1912 Republican Convention: TR Starts the Bull Moose PartyAbout this Video
- How the newly created system of direct primary elections affected the election of 1912.
- How personal and ideological conflict between Presidents Theodore Roosevelt and William Taft caused a split in the Republican Party.
- How the Bull Moose party embodied the ideals and policy agenda of the Progressive Era.
- Civics & Government
- U.S. History
- Campaigns and Elections
- Cultural and Social Change
- Political Parties
- Third Party Candidate
- Theodore Roosevelt
- William Howard Taft
- America's Rise to a World Power (1890-1945)
- 1910s America
It’s one thing for a presidential candidate to win a lot of primaries. It’s another to win the nomination.
Theodore Roosevelt learned that lesson in 1912, when a string of victories in the first presidential primaries gave him a clear shot at the Republican nomination and the White House.
Roosevelt had decided not to pursue a third term in 1908, and turned the party over to his vice president, William Howard Taft. By 1912, it seemed clear to Roosevelt that Taft had shed his progressive ideology and was bowing to big business; Roosevelt was determined to unseat him.
Taft was backed by the party bosses, so Roosevelt’s only chance to pick up delegates was in the presidential primaries, which were being held for the first time in the nation’s history. After a slow start, Roosevelt wound up trouncing Taft by sweeping 9 of the 13 states that held primaries that year. He arrived at the convention just 50 votes short of the nomination.
But the party bosses stuck with Taft, and after he won the nomination, Roosevelt and his progressive followers walked out to a form the Bull-Moose Progressive Party. Its platform of progressive initiatives, including social security, national healthcare and an end to child labor would later become the central tenets of the Democratic Party.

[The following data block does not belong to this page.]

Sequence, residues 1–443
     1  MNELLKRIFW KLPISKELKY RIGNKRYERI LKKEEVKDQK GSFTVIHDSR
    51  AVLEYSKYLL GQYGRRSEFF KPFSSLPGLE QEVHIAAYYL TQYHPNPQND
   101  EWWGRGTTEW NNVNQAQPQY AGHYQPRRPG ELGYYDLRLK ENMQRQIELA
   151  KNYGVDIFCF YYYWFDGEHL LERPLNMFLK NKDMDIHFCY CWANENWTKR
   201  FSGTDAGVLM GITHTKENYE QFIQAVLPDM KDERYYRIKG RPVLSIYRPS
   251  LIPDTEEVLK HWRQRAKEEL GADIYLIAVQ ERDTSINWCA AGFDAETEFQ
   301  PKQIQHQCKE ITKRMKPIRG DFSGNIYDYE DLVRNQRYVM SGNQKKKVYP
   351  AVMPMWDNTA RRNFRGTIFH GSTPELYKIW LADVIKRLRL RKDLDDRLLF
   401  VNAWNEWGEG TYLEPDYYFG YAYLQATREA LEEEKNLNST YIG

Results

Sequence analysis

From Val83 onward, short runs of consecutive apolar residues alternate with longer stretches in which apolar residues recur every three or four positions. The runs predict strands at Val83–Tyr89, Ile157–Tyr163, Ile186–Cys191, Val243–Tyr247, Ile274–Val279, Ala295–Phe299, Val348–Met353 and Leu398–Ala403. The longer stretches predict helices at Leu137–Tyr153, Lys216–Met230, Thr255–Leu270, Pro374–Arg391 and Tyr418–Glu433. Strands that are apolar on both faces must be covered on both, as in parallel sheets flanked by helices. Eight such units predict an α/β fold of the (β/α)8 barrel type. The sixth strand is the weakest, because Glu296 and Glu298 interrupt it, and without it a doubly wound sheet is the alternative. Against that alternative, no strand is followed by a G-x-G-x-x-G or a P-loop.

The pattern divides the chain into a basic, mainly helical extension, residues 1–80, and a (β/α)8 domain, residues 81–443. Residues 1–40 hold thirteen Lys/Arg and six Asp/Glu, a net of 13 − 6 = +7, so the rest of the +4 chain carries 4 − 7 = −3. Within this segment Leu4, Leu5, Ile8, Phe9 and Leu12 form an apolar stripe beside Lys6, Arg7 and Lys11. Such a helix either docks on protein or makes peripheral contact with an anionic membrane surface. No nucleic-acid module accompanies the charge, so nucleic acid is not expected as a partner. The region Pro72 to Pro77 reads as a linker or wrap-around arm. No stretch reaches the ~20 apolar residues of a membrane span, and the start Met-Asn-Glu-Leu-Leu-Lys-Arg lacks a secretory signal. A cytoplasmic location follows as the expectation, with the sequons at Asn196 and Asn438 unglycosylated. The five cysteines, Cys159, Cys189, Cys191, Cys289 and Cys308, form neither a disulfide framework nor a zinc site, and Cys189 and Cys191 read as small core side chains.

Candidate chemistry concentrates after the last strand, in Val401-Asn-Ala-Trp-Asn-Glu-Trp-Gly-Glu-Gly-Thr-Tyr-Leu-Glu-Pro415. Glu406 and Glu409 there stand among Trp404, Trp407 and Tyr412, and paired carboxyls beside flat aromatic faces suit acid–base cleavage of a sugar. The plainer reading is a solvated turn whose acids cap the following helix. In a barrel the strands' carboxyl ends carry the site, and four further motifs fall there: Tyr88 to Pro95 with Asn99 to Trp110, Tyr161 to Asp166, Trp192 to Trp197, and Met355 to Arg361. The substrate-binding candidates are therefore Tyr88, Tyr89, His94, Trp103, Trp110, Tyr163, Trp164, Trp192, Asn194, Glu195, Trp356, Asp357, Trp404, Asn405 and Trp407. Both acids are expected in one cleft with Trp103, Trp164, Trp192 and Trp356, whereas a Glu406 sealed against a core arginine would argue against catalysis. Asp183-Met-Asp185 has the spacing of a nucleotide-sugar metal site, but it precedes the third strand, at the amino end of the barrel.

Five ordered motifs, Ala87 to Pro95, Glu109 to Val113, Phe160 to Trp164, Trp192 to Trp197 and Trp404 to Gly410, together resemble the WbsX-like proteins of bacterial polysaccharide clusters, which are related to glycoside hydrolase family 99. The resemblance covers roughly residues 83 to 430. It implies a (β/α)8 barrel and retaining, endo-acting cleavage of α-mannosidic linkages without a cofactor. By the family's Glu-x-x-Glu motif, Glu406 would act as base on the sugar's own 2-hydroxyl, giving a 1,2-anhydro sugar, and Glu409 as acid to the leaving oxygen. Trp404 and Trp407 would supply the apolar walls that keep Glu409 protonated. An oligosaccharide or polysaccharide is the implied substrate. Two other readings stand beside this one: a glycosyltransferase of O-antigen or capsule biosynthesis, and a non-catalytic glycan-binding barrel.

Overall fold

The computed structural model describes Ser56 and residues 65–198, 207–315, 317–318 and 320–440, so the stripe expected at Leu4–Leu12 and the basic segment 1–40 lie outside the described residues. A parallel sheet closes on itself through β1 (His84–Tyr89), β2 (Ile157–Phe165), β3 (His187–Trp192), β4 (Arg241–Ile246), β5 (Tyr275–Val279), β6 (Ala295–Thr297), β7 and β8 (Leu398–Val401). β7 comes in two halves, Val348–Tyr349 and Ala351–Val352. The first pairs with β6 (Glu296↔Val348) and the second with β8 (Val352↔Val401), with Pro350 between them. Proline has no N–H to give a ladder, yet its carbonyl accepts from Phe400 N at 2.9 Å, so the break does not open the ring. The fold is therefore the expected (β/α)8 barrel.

Roosevelt soundly trounced Taft in the 1912 presidential election, but lost to Woodrow Wilson, the Democratic candidate who controlled the White House until 1920.
- How did the industrial revolution affect how Americans thought about large corporations?
- Why did Theodore Roosevelt decide to run against William Howard Taft in 1912?
- In the 13 states that participated in the new system of party primary elections, how did Roosevelt perform?
- How did Roosevelt’s decision to run as a third party candidate affect the outcome of the election?
- In 1912, Theodore Roosevelt was the most popular person in America, and yet, as a third party candidate, he was only able to finish second in the presidential contest. What does that show us about the strength of the major parties? Do you think a third party candidate will ever win the presidency? If Roosevelt couldn’t pull it off, then who could? Are third party candidates just spoilers, or do they ever play a useful function?
- By 1912, how had the industrial revolution begun to shift American attitudes towards private enterprise, and towards the role of government in providing for the general welfare of the public? How did Roosevelt’s surprisingly radical platform in 1912 reflect these changes?
- The direct primary was a new reform in 1912. What was the larger context of this reform? What other progressive-era reforms gave more power to the people and expanded participatory democracy?
- In the fight for the Republican nomination, Roosevelt was clearly more popular with the public, but the party insiders favored Taft, and the power of the party elites ended up being more valuable than Roosevelt’s popularity. Do you think much has changed in the last 100 years? Are party elites still more powerful than the voters when it comes to selecting which candidate will receive the nomination?
Analyze a complex set of ideas or sequences of events and explain how specific individuals, ideas, or events interact or develop over the course of a text.
Evaluate how historical events were shaped by unique circumstance of time and place, and broader historical contexts
Skill 2.C: Explain the significance of a source’s point of view, purpose, and historical situation and how these might limit the uses of that source.
Theme 5: Politics and Power (PCE).